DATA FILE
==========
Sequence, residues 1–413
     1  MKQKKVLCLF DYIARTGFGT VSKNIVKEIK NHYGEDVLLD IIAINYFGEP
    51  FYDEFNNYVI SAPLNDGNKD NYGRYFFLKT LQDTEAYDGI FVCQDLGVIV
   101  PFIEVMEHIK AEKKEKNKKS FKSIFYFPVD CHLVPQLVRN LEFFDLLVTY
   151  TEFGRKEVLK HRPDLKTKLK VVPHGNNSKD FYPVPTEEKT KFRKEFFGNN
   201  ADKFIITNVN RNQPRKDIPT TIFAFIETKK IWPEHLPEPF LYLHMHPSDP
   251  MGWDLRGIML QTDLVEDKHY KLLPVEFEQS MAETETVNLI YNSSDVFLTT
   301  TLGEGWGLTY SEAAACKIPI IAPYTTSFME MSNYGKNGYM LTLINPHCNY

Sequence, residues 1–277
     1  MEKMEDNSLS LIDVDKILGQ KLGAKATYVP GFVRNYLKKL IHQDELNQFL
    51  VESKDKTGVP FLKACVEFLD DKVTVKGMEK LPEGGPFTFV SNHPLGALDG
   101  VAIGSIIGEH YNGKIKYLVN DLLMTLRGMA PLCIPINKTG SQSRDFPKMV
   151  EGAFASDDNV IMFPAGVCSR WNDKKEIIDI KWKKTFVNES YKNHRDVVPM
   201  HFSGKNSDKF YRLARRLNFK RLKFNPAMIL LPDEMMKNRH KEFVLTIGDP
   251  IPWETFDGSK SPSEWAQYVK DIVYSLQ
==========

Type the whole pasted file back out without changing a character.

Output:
Sequence, residues 1–413
     1  MKQKKVLCLF DYIARTGFGT VSKNIVKEIK NHYGEDVLLD IIAINYFGEP
    51  FYDEFNNYVI SAPLNDGNKD NYGRYFFLKT LQDTEAYDGI FVCQDLGVIV
   101  PFIEVMEHIK AEKKEKNKKS FKSIFYFPVD CHLVPQLVRN LEFFDLLVTY
   151  TEFGRKEVLK HRPDLKTKLK VVPHGNNSKD FYPVPTEEKT KFRKEFFGNN
   201  ADKFIITNVN RNQPRKDIPT TIFAFIETKK IWPEHLPEPF LYLHMHPSDP
   251  MGWDLRGIML QTDLVEDKHY KLLPVEFEQS MAETETVNLI YNSSDVFLTT
   301  TLGEGWGLTY SEAAACKIPI IAPYTTSFME MSNYGKNGYM LTLINPHCNY

Sequence, residues 1–277
     1  MEKMEDNSLS LIDVDKILGQ KLGAKATYVP GFVRNYLKKL IHQDELNQFL
    51  VESKDKTGVP FLKACVEFLD DKVTVKGMEK LPEGGPFTFV SNHPLGALDG
   101  VAIGSIIGEH YNGKIKYLVN DLLMTLRGMA PLCIPINKTG SQSRDFPKMV
   151  EGAFASDDNV IMFPAGVCSR WNDKKEIIDI KWKKTFVNES YKNHRDVVPM
   201  HFSGKNSDKF YRLARRLNFK RLKFNPAMIL LPDEMMKNRH KEFVLTIGDP
   251  IPWETFDGSK SPSEWAQYVK DIVYSLQ